Occupational health services occupy a unique position as neither the employer nor the employee. I remember in my time as a union official helping NHS staff with issues at work, and we would howl at times at things that occupational health came up with. Then we met management and realised that they were howling about it too, so we realised that the occupational health practitioner was probably in the right place. That is a very specific and special place, in the NHS and beyond, and we should want our wonderful NHS staff to have proper access to it.

Currently, the NHS provides access to occupational health services to the vast majority of staff in acute trusts, but the policy is inconsistent. While NHS England is making efforts to expand access through the growing OH programme, those efforts need to be accelerated and supported, which is what the new clause would do.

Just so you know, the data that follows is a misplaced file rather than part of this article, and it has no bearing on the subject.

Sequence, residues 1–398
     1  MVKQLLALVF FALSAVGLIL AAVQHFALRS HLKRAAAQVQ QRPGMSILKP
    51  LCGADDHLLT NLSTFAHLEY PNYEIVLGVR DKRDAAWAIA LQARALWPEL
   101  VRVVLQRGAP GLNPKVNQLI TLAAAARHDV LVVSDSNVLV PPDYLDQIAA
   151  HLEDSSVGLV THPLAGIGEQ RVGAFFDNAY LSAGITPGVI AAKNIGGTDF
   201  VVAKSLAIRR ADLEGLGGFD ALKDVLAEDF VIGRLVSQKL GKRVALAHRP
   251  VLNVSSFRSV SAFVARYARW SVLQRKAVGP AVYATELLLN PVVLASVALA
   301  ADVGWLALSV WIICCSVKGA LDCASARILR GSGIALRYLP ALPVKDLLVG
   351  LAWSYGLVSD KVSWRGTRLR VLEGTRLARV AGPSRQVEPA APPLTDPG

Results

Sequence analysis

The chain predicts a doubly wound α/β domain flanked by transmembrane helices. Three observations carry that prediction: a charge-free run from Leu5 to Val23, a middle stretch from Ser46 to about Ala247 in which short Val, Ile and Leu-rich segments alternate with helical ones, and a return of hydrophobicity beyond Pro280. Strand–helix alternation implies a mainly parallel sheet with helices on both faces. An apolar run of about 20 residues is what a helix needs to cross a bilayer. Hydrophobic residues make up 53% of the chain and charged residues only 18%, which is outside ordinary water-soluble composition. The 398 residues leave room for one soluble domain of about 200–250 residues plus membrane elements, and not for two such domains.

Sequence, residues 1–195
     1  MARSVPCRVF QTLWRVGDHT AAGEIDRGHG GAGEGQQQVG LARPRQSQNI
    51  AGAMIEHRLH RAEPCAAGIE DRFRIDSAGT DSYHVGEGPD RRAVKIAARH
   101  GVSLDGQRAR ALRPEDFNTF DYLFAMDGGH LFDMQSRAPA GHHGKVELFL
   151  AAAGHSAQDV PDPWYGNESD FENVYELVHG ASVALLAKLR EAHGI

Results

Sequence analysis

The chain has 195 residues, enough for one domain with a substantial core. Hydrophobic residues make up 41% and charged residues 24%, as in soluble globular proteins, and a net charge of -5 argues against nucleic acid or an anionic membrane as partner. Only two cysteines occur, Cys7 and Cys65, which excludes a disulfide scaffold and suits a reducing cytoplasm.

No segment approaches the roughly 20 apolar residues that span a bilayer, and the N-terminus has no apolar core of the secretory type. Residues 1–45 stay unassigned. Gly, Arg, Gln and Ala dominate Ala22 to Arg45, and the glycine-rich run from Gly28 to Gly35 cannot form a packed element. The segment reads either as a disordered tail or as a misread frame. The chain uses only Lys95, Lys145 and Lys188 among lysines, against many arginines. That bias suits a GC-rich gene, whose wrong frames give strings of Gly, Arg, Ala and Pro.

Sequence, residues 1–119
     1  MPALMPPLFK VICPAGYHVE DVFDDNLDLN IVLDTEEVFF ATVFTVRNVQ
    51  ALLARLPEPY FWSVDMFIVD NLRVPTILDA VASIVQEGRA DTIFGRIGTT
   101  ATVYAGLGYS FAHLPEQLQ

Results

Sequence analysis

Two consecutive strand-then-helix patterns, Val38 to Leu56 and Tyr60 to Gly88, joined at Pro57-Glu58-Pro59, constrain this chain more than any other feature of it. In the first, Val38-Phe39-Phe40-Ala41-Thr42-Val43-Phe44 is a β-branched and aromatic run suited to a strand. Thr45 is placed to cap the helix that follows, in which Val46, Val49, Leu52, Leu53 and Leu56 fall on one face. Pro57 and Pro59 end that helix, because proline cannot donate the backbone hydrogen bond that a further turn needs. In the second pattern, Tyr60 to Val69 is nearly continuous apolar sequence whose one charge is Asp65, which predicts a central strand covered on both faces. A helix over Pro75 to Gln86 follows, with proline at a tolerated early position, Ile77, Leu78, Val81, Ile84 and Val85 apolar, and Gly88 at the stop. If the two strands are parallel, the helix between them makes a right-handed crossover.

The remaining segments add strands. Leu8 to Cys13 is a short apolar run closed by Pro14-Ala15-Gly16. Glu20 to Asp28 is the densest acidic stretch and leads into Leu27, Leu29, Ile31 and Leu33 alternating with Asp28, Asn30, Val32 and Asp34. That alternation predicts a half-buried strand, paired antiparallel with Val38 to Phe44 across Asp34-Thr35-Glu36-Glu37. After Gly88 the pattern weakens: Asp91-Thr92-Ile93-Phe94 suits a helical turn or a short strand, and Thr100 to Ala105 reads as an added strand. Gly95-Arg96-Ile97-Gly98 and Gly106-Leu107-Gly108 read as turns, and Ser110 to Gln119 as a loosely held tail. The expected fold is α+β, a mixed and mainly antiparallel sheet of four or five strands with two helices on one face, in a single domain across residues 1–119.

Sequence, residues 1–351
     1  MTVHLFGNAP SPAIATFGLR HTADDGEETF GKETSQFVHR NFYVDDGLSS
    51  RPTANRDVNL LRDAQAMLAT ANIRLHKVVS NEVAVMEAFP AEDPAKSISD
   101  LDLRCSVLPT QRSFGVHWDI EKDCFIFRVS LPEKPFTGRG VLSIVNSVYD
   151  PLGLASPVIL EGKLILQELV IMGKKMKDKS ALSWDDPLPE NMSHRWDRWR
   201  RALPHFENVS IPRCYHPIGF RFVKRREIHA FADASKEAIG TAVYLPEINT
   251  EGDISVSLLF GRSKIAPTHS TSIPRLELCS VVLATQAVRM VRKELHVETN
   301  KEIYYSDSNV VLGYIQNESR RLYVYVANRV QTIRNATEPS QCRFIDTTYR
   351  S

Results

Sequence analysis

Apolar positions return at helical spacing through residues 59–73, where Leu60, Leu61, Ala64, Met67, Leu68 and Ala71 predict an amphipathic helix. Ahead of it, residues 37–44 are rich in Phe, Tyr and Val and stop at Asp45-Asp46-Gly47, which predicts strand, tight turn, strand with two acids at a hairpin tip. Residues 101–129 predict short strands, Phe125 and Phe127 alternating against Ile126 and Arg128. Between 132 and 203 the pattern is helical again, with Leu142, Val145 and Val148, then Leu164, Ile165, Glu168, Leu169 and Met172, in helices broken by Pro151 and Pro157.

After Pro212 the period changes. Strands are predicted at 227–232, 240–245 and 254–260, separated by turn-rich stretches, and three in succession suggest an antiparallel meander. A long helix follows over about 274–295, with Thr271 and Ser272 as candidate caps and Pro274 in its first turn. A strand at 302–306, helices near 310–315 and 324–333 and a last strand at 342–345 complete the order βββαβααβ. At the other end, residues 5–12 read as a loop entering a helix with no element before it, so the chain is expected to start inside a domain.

In secondary care, the provision of services tends to depend on legal requirements on safety, for example checking for blood-borne viruses in advance of performing surgical or other procedures that could pose a risk to patients from the infected clinician, rather than occupational health provision that supports individuals to remain at work based on other needs they might have.